You can, but it is illegal and you probably will get error messages when you try to register the second PC and the third PC, and the programs will stop working after so many uses. Software programs have different licensing options, and these options can change when a new version is released. Please don’t be offended or insulted if your computer refuses to install software on your PCs because it would break the licensing for that product. Some will pooh-pooh this statement, but if your computer tech installs illegal software on your office PCs, it puts their business and your practice in jeopardy. Microsoft has filed over a hundred lawsuits this year against computer companies that installed or sold illegal software. I couldn’t afford to fight a lawsuit against Micro-soft, and I don’t look good in an orange jumpsuit. So, what are the chances you will get caught? Microsoft has launched a program that verifies the authenticity of your Windows installation before it will let you run the latest updates from Microsoft. No big deal, I won’t update my software. OK, but what happens when a security hole is discovered in Windows that some hacker exploits and now you can’t use the Internet until you install the patch from Microsoft (Google W32/Blaster from August 2003 as an example)?
What if the program isn’t a Microsoft application, can I install it? If it breaks the licensing agreement, then no, you cannot legally install it. Most software programs have an online update program built into them so you can get the latest fixes or updates. Do you think they check the licensing before they let you update? What information is sent to them when you run an online update? Some people look at installing illegal software the same way they look at cheating on their taxes…what are the chances I will get caught? What are the consequences if you do get caught? The most well known group for catching software piracy is the Business Software Alliance (bsa.org). Many of the larger software companies are part of this alliance. It appears that most companies are audited because a former disgruntled employee has turned them in to the BSA. It is not really known how the BSA chooses companies, similar to the lack of knowledge as to how the IRS chooses companies to audit. Would you help a patient commit insurance fraud because they don’t think it is fair that the insurance companies are making all that money?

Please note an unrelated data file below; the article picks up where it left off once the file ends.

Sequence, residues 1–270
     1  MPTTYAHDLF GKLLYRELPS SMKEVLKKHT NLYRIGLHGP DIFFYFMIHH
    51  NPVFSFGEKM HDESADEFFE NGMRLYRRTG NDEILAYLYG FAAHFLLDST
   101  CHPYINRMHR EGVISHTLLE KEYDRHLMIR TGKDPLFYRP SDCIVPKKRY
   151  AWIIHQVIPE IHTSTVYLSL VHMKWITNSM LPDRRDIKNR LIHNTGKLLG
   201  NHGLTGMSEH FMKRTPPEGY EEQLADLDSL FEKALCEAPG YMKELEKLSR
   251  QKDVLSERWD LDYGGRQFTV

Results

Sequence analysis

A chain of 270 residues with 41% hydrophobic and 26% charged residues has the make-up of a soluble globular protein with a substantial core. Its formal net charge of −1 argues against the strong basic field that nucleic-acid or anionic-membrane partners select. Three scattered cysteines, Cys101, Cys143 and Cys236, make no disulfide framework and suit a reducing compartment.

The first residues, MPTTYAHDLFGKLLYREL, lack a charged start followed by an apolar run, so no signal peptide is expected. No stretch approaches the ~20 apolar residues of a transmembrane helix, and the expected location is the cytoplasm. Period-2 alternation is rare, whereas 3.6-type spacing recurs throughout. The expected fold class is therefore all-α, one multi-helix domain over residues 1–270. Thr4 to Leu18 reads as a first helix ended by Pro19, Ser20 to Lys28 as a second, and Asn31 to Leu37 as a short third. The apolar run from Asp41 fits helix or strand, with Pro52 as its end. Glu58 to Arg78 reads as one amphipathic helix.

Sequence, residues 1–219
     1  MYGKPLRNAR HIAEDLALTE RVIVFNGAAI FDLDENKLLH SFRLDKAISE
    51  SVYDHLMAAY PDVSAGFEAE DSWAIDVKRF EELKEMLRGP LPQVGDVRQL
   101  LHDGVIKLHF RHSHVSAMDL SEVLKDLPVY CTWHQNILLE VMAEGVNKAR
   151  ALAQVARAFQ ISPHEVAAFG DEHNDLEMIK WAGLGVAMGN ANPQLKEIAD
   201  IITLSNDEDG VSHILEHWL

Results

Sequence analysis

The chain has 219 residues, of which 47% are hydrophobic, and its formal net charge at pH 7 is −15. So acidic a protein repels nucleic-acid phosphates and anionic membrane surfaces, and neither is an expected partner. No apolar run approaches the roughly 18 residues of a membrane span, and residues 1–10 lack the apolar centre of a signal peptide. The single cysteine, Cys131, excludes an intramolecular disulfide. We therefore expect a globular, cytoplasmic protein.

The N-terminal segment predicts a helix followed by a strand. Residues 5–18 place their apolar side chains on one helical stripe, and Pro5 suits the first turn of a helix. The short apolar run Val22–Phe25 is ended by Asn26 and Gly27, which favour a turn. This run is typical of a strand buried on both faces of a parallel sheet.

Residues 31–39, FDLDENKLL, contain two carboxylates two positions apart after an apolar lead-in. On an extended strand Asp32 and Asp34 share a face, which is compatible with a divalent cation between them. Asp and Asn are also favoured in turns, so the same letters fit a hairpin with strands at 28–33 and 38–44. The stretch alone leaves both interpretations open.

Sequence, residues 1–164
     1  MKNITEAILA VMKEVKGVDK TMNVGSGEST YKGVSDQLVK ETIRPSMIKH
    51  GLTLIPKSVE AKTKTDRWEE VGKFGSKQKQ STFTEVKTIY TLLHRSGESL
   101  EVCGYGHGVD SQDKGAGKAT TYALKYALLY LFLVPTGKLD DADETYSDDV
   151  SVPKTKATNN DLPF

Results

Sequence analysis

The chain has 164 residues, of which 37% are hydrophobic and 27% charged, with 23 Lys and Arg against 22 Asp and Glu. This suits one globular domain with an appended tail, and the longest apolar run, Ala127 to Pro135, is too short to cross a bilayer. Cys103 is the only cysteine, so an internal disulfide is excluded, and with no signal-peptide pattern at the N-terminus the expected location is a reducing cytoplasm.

There are many computer questions that are asked every day by dentists and staff. Hopefully my answers to the 10 most commonly asked computer questions that I have encountered will prove helpful.